New York’s Winest
Michael Dorf’s love of music led him to create the Knitting Factory in 1987, which quickly became New York City’s hottest venue for independent music. One year later, he launched Knitting Factory Records and signed a deal with A&M Records. In 1994, Dorf pioneered live webcasting to broadcast the first live music streams from a club anywhere in the world.
His own spiritual journey moved him to found Tribeca Hebrew in 2004. He has also raised philanthropic funds for music education for underserved youth, creating an annual series of tribute concerts at Carnegie Hall, raising more than $400,000 for those charitable programs in the last six years.
In 2008, Dorf’s passion for wine inspired him to create City Winery, Manhattan’s first fully operational winery, complete with two wine bars, a cheese bar, restaurant and a performance space. City Winery has now expanded to Chicago, Nashville and Napa; locations in Atlanta, Boston and Toronto are slated to open by the end of 2016.
Originally from Milwaukee, Dorf lives in Tribeca with his wife, Sarah Connors, an accomplished film producer, and their three children.
OWP: Describe one of the most memorable wines you have ever tasted.
MD: Having dinner in Puligny, Burgundy, in the one little restaurant connected to the one little hotel in the village. It was 1990. We splurged and ordered some Grand Cru of Le Montrachet; drinking it with the local cuisine was the most sublime experience. It was about a 10- or 12-year-old bottle, and the wine exploded in my mouth; it was magical. Every sip was more precious than the one before. I could not remember ever having a white wine so delicious, so big, so complex. It was the night I realized I needed to start a wine collection.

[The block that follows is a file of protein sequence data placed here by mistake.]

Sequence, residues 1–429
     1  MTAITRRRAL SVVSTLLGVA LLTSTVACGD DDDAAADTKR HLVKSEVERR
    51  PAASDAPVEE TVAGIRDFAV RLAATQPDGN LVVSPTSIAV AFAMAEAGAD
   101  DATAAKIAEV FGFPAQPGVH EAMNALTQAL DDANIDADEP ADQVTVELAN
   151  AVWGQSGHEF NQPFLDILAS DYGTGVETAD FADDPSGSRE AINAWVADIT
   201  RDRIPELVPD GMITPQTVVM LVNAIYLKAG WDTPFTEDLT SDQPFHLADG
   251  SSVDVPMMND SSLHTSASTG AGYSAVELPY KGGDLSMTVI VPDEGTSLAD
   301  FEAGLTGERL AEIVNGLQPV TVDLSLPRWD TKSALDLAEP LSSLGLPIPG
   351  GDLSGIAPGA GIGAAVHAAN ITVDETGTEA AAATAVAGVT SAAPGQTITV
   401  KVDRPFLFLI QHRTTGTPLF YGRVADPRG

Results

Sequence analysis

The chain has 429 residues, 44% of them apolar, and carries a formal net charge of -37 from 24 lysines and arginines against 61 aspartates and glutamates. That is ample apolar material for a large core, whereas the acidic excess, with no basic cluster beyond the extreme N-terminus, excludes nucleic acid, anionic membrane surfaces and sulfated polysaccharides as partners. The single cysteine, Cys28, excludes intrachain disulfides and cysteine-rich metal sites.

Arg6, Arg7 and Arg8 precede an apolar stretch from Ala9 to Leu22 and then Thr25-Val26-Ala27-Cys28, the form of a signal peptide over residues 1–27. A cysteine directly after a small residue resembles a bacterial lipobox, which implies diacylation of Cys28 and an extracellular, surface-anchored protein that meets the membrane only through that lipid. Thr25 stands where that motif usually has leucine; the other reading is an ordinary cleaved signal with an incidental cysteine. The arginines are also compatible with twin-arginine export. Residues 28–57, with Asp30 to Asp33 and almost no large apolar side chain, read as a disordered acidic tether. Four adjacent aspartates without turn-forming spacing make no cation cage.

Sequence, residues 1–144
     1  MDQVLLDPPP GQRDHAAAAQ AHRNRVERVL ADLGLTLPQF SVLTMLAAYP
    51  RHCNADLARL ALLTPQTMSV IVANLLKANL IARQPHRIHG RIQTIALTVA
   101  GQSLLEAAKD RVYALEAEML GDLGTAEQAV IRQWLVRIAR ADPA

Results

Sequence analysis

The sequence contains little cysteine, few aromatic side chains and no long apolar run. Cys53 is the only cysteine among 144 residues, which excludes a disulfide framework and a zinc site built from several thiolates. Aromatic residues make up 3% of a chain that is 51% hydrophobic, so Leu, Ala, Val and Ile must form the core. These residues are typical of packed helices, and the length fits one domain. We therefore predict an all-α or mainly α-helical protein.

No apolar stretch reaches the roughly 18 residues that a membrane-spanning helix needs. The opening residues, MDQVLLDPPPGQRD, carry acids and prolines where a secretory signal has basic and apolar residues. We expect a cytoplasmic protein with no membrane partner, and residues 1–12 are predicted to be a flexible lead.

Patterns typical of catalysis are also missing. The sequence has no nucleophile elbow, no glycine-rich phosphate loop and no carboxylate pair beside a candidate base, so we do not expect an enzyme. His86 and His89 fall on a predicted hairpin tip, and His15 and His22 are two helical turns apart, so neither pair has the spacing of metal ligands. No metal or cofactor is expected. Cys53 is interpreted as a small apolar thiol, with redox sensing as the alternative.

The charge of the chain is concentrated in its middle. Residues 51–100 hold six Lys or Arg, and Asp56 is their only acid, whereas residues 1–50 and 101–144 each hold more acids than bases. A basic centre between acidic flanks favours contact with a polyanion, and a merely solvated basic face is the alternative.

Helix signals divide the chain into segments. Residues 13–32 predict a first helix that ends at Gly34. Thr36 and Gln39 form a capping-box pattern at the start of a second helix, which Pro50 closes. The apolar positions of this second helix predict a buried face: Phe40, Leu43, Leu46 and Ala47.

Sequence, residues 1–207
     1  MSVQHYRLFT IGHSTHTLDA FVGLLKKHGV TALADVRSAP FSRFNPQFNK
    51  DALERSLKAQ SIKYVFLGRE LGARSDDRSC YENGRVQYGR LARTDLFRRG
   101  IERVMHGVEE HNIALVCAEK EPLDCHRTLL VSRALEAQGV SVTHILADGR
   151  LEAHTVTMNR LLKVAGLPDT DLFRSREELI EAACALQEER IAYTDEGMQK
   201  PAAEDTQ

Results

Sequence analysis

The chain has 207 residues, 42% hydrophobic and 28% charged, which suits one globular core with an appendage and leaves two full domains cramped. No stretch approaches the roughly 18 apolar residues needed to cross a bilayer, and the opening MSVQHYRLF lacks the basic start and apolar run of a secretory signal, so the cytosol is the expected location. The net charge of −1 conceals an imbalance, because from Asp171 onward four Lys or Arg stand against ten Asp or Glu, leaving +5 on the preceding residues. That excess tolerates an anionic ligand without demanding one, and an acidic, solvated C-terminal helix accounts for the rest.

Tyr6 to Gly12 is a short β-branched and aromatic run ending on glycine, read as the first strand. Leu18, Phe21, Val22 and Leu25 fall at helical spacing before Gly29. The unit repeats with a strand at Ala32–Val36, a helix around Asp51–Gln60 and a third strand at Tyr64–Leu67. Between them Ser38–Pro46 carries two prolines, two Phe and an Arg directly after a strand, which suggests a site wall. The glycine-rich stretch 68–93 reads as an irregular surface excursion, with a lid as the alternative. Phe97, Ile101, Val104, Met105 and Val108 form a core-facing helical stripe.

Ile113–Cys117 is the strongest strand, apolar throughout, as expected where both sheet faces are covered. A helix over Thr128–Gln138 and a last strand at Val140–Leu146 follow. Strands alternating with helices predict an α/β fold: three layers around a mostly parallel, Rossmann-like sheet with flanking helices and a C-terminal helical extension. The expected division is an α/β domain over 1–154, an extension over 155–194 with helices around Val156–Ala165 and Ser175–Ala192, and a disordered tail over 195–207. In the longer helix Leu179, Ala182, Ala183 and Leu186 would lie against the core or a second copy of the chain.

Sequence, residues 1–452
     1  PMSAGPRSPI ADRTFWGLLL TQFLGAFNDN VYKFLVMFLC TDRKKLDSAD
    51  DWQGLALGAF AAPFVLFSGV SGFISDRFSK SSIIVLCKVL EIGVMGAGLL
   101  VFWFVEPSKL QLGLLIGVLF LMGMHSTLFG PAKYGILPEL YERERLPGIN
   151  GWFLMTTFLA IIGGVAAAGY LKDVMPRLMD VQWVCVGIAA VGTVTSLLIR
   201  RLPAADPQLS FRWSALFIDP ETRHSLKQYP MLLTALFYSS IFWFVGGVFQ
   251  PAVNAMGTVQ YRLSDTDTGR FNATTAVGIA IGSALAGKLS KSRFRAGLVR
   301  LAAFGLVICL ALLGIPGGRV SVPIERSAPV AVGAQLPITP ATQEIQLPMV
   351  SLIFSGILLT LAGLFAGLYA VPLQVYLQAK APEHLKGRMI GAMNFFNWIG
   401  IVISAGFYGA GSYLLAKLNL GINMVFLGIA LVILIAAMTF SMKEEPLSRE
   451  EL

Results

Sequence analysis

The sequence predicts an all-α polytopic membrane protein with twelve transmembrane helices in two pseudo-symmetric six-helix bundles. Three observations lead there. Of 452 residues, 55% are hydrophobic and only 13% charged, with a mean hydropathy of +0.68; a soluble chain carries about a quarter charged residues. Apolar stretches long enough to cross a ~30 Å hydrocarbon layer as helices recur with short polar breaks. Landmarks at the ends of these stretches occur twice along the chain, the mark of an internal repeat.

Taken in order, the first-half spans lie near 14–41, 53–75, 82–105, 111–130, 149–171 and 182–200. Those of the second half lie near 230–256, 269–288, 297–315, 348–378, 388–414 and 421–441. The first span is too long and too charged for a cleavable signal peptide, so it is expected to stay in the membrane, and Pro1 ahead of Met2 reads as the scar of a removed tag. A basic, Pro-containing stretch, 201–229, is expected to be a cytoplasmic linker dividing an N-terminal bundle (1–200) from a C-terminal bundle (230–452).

OWP: Do you think New Yorkers aware of or interested in Oregon wine?
MD: We have sold out of every Willamette tasting we have done since opening. There are many of us in New York who realize how important the terroir is in Oregon, how it is different than California, and how the wine community is interested in sustainable farming practices. We are not that out-to-lunch in New York and solely obsessed with big Cabs from Napa and Super Tuscans.
OWP: Which wine region has most recently intrigued your palate?
MD: Every week I seem to be turned on by a new location or reminded about an old love. I’ve gotten back into Barolo the last few months, but more exotic areas like Assyrtiko from Santorini are always surprising me, or I’ve explored some Okanagan Valley wines in B.C., as we are looking at Toronto as a location and considering Canadian fruit sources...
The fun part of wine is the discovery; there simply is not enough time to cover the entire world, and then do some time-travel in back vintages. It’s a giant matrix, and one could simply get lost exploring Burgundy — multiply the number of vineyards times the last 20 years, and then try and keep up year to year. One would need to drink 10 bottles a day, and that is just Burgundy. I would say three bottles a day to really stay on top of just the Willamette.
OWP: Have you ever met any musicians who were, surprisingly, really interested in wine and maybe even taught you something new about it?
MD: Many. It has been a very surprising and terrific experience opening City Winery and seeing this connection between winemakers and music makers. There are so many overlaps going in both directions, and I could, and should, write a book on this subject.
I’ll never forget a conversation with Suzanne Vega, Alvaro Palacios and me during a photo shoot for Food & Wine Magazine. The two of them hit it off with beautiful creative descriptions of food and wine. They are both so passionate and poetic about what they do, and for each other’s subjects. I think the artistry of a winemaker sometimes gets masked under the label of craftsperson. Yes, they are sculptures of the vine, but it is the intuitive and unique approach to what they are dealing with vintage to vintage that allows for some pretty decent fruit to turn into amazing wine. Same with music: Words, notes, good voices, great players are the good fruit, and knowing how to put it together with inspiration is the creative overlap.
OWP: You’re stranded in a log cabin on Mount Hood. (Why not an island? This is Oregon.) You are able to enjoy one last album, one last bottle of wine and one last food item on this, the last night of your life. Describe your picks.
MD: I am not going to think too long and hard on this … So, I will go with a Beatles record like Abbey Road or Let it Be; I’d most likely ask for a reasonably aged DRC (Domaine de la Romanée Conti) — why the f*@# not? — and I would have a risotto with fresh scallops, morels and white truffles as the side dish to some fresh lamb prepared by Thomas Keller.